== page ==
As of 7 January 2011 the 1st Battalion, 4th Infantry has halted all deployments to Afghanistan after Company C's return, and it now serves only as the OPFOR unit for Hohenfels, Germany.

Company C, 2-4 conducted combat operations in support of Operation Enduring Freedom XX in 3 different provinces including Logar, Wardak and Kabul. They were spread out into 7 different village stability outposts while directly supporting 7 different ODAs and 3 separate Navy SEAL teams. They completed a 9-month deployment in spring of 2014.

Operations in Germany Edit

An article in the edition of 23 February 2012 of the Stars & Stripes reported the removal of 17 officers and NCOs from 3d Squadron (Recon & Surveillance), 108th Cavalry Regiment of the 560th Battlefield Surveillance Brigade (Georgia ARNG) during a peacekeeping mission in Kosovo "following an Army investigation into allegations about harsh tactics used to initiate junior troops." The article also stated that "Because so many of the Georgian company's leaders were pulled from their positions, USAREUR recently deployed two Army platoons and a command team from the Hohenfels-based 1st Battalion, 4th Infantry to support the company, [Lieutenant General] Hertling said." [20]

An article in the edition of 27 June 2014 of the Stars & Stripes noted the inactivation of Company D, the armored element of the 1st Battalion, 4th Infantry Regiment at a ceremony conducted in Hohenfels.2 Bavarian units deactivate in dual ceremonies

Operation Inherent Resolve Edit

First Battalion Edit

  • Constituted 12 April 1808 in the Regular Army as the 4th Infantry
  • Organized May–June 1808 in New England.
  • Consolidated May–October 1815 with the 9th and 13th Infantry (both constituted 11 January 1812), the 21st Infantry (constituted 26 June 1812), the 40th Infantry (constituted 29 January 1813), and the 46th Infantry (constituted 30 March 1814) to form the 5th Infantry Regiment. Thereafter separate lineage.

Second Battalion Edit

  • Constituted 11 January 1812 in the Regular Army as the 14th Infantry Regiment
  • Organized in March 1812 in Virginia (recruited from eastern and western counties), Maryland, Delaware and Pennsylvania.
  • Consolidated May–October 1815 with the 18th and 20th Infantry (both constituted 11 January 1812) and the 36th and 38th Infantry (both constituted 29 January 1813) to form the 4th Infantry Regiment.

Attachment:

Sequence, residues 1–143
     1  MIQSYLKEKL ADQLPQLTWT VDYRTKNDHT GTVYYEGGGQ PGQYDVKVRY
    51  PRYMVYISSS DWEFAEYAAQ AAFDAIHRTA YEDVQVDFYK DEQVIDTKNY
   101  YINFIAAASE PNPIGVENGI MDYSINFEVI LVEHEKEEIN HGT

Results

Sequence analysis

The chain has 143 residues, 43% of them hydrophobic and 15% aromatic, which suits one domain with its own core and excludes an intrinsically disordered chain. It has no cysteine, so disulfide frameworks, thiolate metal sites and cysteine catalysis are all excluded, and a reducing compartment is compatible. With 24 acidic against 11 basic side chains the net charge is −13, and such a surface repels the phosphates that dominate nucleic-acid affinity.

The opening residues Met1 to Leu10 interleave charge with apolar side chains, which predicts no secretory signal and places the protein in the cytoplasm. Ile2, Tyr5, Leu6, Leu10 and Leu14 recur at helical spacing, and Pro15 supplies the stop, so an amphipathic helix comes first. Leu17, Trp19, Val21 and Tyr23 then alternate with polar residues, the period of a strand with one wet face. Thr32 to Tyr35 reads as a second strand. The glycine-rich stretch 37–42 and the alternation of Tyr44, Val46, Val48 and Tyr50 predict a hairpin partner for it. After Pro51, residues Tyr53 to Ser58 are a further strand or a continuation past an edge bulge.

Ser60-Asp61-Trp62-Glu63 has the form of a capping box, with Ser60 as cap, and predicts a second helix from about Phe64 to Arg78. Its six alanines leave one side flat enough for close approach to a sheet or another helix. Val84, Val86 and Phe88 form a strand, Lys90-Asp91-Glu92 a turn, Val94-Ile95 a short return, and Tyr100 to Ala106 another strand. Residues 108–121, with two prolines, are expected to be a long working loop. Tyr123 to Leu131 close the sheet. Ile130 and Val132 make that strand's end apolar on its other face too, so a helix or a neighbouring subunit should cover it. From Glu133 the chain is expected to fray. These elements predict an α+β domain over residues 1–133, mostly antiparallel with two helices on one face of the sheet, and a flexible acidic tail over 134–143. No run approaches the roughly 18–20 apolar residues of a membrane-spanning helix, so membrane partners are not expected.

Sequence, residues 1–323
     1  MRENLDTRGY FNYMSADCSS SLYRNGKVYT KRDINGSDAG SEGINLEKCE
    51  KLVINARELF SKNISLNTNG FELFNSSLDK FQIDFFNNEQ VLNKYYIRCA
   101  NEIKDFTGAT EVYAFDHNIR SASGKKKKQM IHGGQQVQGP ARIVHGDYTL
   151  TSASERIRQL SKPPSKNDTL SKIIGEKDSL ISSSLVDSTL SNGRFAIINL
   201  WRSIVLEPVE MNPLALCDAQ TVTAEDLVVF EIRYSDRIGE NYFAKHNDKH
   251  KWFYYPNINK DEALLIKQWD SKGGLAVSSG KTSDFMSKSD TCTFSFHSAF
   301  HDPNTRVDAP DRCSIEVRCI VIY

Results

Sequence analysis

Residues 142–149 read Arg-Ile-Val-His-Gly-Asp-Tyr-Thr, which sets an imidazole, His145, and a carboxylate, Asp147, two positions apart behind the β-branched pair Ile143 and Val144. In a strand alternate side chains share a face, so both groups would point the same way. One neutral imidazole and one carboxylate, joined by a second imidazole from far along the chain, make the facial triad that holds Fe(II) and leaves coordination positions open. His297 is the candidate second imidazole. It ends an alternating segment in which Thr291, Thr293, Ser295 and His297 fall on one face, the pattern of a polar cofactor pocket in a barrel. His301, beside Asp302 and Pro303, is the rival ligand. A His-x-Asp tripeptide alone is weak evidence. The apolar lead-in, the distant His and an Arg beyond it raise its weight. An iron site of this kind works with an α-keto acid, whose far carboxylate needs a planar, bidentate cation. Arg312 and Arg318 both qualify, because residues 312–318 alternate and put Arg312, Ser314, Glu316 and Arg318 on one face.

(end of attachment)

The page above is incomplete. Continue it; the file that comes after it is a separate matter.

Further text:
• 21 August 1816 Unspecified 4th Infantry Regiment companies redesignated as Companies A and B, 4th Infantry Regiment.
  • Consolidated in March 1869 with the 30th Infantry (see 30th Infantry Regiment below) and consolidated unit designated as the 4th Infantry Regiment as follows:
  • Assigned 1 October 1917 to the 3d Division, and reorganized as follows:
  • Regiment Stationed at the start of World War II at Fort George Wright Walsh, Washington.
  • Regiment moved to Fort Ord, California, on 22 January 1940 to join the 3rd Division.
  • Relieved 15 May 1940 from assignment to the 3d Division, and participated in World War II as a separate infantry regiment.
  • Regiment returned to Fort George Wright Walsh on 23 May 1940, and the location remained the regimental garrison while its units rotated in and out of Fort Lewis, Washington, between 1 August 1940 and 26 August 1940.
  • Regiment Deployed from the Seattle Port of Embarkation on 24 December 1940.
  • Regiment arrived at Anchorage, Alaska, on 3 January 1941, where it was assigned to the Alaska Defense Command.
  • Regiment arrived on Kodiak Island on 23 November 1942.
  • Regiment arrived on Unalaska Island on 30 November 1942.
  • Regiment posted to Adak Island on 8 December 1942.
  • Regiment Assaulted Attu Island on 11 May 1943, and participated in the Battle For Fish Hook Ridge.
  • Regiment relieved from assignment to Alaskan Defense Command, and returned to Seattle Port of Embarkation on 2 December 1943, and was stationed at Fort Lewis the same date.
  • Regiment reassigned to the US Army Replacement and School Command at Fort Benning, Georgia, on 23 January 1944, where it conducted infantry training to prepare for the expected invasion of the Japanese Home Islands late in 1944.
  • Regiment was at Fort Benning on 14 August 1945, which is when the surrender of the Japanese was announced.
  • Assigned 1 November 1945 to the 25th Infantry Division. The incumbent personnel and equipment were reassigned to the 4th Infantry Division at Camp Butner, North Carolina, while the regimental records and accoutrements were forwarded to Japan for occupation duty.
  • Inactivated 31 January 1947 in Japan
  • Relieved 1 February 1947 from assignment to the 25th Infantry Division
  • Activated 1 October 1948 at Fort Lewis, Washington, as a separate regiment.
  • Assigned 10 October 1954 to the 71st Infantry Division
  • Relieved 15 September 1956 from assignment to the 71st Infantry Division
  • Reorganized 15 February 1958 as a parent regiment under the U.S. Army Combat Arms Regimental System, and assigned as follows:
  • 1st Battle Group inactivated 2 April 1962 at Fort Devens, Massachusetts.
  • 1st Battle Group relieved from assignment to the 2d Infantry Brigade, redesignated as the 1st Battalion, 4th Infantry, and assigned to the 3d Infantry Division on 18 April 1963.
  • On 3 June 1963, 2d Battle Group's personnel and equipment were reassigned to the 1st Battalion, still with 3d Infantry Division.